Hawai’i Senate defeats decrim improvement, sends expungement bills to governor

Apr 23, 2024


Hawai’i Senate defeats decrim improvement, sends expungement bills to governor

On April 22nd, 2024, in a shocking turn of events, the Hawai’i Senate defeated the House-passed version of SB 2487, which would have expanded the state’s paltry decriminalization law. The Senate had previously approved an earlier version of SB 2487, 24-1. It had also passed full legalization, which died in the House Finance Committee. 

Sen. Angus McKelvey was one of the 14 senators to flip from “yes” on March 5’s vote to “no” yesterday. He claimed, “The Senate sent a very good, reasonable recreational legalization bill with guardrails over to the other chamber,” saying SB 2487 could “explode” the illicit market, “undercutting and creating all the safety hazards that the bill we sent over should have addressed.”

As a result of the Senate’s 9-15 vote, hundreds of Hawai’i residents and visitors will continue to face traumatic arrests, possible jail time, and life-altering records for personal use of cannabis. Hawai’i has the lowest threshold for decriminalization — three grams, or under 1/8 ounce. The fine is a hefty $130, which is unaffordable to many who struggle to make ends meet. Possession of over three grams can result in up to 30 days in jail and/or a fine of up to $1,000.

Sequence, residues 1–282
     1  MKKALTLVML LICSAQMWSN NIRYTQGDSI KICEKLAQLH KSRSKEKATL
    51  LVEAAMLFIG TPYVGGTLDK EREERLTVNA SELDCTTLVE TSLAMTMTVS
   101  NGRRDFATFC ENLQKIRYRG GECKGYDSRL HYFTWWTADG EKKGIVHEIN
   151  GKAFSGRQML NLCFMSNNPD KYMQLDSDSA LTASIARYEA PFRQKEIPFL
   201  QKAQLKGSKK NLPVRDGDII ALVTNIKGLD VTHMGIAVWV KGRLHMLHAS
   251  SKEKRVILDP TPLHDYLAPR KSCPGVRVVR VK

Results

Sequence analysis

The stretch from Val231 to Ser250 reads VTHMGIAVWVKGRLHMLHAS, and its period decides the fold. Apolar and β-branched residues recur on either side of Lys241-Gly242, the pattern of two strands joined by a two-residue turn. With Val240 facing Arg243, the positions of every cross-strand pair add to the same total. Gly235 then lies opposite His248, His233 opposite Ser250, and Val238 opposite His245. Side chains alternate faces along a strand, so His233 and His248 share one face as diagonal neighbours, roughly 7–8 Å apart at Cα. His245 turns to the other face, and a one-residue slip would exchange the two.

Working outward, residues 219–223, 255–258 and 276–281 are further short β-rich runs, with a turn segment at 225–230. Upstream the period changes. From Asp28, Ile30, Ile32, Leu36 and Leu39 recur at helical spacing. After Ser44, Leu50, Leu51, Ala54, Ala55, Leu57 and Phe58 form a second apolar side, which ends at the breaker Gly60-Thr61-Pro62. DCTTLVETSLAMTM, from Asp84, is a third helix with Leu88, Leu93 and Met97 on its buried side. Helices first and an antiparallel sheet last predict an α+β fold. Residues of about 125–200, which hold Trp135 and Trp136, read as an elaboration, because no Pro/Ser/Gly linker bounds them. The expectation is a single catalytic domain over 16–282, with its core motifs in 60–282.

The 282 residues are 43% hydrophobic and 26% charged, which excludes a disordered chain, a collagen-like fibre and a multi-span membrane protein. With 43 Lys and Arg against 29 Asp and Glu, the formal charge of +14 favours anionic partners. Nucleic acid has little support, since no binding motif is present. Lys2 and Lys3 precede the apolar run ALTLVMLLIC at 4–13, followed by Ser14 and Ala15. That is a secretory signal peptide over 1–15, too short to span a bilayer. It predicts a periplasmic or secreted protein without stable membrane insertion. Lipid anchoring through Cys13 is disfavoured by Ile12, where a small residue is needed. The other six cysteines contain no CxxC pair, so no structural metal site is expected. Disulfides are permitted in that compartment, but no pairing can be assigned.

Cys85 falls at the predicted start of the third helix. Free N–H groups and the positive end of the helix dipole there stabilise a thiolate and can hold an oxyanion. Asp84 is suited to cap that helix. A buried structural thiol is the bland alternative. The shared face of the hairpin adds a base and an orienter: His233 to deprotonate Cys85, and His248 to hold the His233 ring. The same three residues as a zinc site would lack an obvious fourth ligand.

In brighter news, two state-initiated expungement bills — both of which were narrowed down in the legislative process — are headed to  Gov. Josh Green’s desk. HB 1595 would create a pilot program to wipe away arrest records that didn’t result in conviction for simple possession in Hawai’i County. Meanwhile, SB 2706 would set up a Clean Slate Expungement Task Force to look into broader state-initiated expungement. 

Ask Gov. Green to sign these important but limited expungement bills.

While this legislative session included significant setbacks, Hawai’i came the closest it has ever made it to legalization. In prior years, legalization bills did not even receive a House hearing. This year, it passed the Senate and three House committees. 

Opponents — largely in law enforcement — spent an inordinate amount of time scaremongering to defeat progress. We hope you’ll continue to fight for cannabis justice and freedom. This is an election year. Be ready to get engaged and make your voice heard as candidates ask for your vote.